So I thought that I would try and capture the essence of the internet on delegation, without the complexity. In a nutshell the newer versions of operating systems/browsers can pass their credentials to one machine. The act of passing them does not, however, give the machine the right to use them to provision services as AD will not accept credentials that are not trusted. Machines therefore need to set up trust relationships so that certain machines *may* pass credentials on behalf of a user to a secondary set of services.

In my instance, although I trusted the web server with my credentials, the Active Directory domain did not trust that the IIS Web Server had the right to use my credentials to request other services (SAP BOBJ, SQL Server). The domain thus replaced them with an anonymous log in….

Delegation & SPNs (Server Principal Names)

What needs to happen is that the web server needs to establish its own credentials to be trusted in passing along other sets of Active Directory credentials. This is done through delegation. Active Directory is very granular with its delegation. Instead of trusting that ‘Server A’ can delegate to ‘Server B’ it tends to be that ‘Server A’ can delegate to ‘A service owned by a particular user that just happens to be located on Server B ‘. This is achieved through the use of Server Principal Names or SPNs. These are in effect a Unique Identifier across a network to a service instance.

Most services will try to automatically create these SPN’s during their start up phase. This of course relies upon the service account that invokes these services having the necessary privileges to this. You can see if the account controlling your SQL Server has the required elevated rights by examining the error log thus:-

exec sp_readerrorlog 0,1,null, null

What you should see if you look the through resultant log entries is an entry that looks similar to these:-

SQL Server is attempting to register a Service Principal Name (SPN) for the SQL Server service. Kerberos authentication will not be possible until a SPN is registered for the SQL Server service. This is an informational message. No user action is required.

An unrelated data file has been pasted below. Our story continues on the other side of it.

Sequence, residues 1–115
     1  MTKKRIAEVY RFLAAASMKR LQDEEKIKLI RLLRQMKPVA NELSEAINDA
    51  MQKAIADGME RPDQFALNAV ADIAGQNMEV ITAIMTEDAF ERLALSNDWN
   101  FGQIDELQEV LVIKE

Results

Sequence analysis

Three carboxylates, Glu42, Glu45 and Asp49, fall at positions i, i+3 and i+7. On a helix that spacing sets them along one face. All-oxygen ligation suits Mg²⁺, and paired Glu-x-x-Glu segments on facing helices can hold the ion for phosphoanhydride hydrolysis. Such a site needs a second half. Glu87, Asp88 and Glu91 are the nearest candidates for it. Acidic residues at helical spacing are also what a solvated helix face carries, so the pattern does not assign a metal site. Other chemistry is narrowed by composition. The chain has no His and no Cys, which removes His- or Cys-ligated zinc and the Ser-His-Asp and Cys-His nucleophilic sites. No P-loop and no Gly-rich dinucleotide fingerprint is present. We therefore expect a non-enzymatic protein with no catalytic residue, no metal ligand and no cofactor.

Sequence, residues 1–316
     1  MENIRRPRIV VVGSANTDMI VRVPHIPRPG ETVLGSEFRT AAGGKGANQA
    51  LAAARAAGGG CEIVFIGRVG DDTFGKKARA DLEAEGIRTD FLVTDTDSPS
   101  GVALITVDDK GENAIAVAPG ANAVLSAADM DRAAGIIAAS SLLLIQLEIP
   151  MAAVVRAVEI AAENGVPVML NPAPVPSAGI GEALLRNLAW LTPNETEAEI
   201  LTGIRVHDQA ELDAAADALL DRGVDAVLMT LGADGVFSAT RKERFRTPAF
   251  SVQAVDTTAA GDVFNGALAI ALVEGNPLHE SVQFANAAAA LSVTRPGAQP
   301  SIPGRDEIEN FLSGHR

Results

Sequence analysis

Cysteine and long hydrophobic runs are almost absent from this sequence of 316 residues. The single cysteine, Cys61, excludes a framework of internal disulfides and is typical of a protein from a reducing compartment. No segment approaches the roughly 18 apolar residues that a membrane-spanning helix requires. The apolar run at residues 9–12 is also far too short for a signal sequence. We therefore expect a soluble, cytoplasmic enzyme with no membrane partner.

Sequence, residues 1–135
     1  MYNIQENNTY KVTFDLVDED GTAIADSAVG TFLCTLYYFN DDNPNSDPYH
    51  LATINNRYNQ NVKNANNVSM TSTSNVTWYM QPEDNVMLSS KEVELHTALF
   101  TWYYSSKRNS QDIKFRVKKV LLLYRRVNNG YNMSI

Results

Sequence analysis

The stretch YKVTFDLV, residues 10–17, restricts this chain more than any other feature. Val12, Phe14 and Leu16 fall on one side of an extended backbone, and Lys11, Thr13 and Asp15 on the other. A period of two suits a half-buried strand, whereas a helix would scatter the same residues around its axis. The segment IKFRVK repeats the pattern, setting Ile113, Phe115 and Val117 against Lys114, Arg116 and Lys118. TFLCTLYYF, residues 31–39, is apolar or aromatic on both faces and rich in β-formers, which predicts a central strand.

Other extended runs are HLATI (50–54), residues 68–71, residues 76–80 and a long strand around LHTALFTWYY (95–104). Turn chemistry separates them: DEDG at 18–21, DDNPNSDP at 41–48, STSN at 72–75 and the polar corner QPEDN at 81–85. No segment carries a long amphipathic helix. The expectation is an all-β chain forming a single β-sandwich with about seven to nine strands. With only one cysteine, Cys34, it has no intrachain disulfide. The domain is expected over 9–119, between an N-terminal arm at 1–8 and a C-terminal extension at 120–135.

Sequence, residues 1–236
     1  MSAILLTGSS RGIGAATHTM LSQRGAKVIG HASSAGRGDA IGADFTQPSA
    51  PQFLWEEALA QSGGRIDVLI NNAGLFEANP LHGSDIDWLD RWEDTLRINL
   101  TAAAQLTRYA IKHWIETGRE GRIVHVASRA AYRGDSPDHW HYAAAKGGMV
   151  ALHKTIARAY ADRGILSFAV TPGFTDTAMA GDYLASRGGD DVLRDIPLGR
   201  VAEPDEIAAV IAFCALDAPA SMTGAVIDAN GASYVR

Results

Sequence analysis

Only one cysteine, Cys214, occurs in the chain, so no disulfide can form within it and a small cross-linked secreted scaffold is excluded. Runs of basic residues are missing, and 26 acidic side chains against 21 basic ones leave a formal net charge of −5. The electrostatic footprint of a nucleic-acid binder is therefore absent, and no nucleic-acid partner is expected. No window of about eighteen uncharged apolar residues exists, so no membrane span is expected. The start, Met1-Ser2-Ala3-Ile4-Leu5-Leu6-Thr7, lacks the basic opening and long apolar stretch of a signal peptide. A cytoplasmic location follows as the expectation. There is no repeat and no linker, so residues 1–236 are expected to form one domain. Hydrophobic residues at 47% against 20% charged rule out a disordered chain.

Further on in the log you should also see something like this… This shows you that an SPN has been registered against the AD user account that the service runs in.

The SQL Server Network Interface library successfully registered the Service Principal Name (SPN) [ MSSQLSvc/ServerName.domainName.local ] for the SQL Server service.

Seek and Ye Shall Find

If you need to take a look at the SPN’s defined for any given user you can just type this simple command into a command window from any machine on the domain

setSPN -l username

If I run this for a particular account on our network you can see that there are 6 separate SQL Server SPN’s registered with this fairly high level account, each pointing to a different SQL Server instance somewhere in the network. These can therefore be trusted individually.

Trust is Earned, Not Given

Thus setting up the trust relationship between your web server and the SQL Server Service located on a particular box becomes as easy as:-

  1. Selecting the Web Server computer in Active Directory
  2. Scroll down to the delegation area and doing the following:-
  3. Select the ‘Trust This Computer for Delegation to Specified Services Only” option
  4. Underlying this select the ‘Use Any Authentication Protocol” option
  5. Press the ‘Add’ Button
  6. Select the domain name of the user that is responsible for running the service account that you wish to connect to
  7. You will then be prompted with a list of all of the “Server Principal Names” associated to this user. Select all of the ones that you are interested in. In the below example I have selected just the one SQL Service which has the full security name of MSSQLSvc/ServerName.domainName.local
  8. You may then press the update button
  9. For safety’s sake I would check that those settings have persisted when you come back to them. Some older versions of AD apparently only persist the changes 50% of the time
  10. When you are sure that they have persisted you should be able to invoke your web service as desired.

Needless to say once we added the SPN to our delegation list for the web server our service was now able to function as it had for the last 5 years, trusting users in a world deeply lacking trust.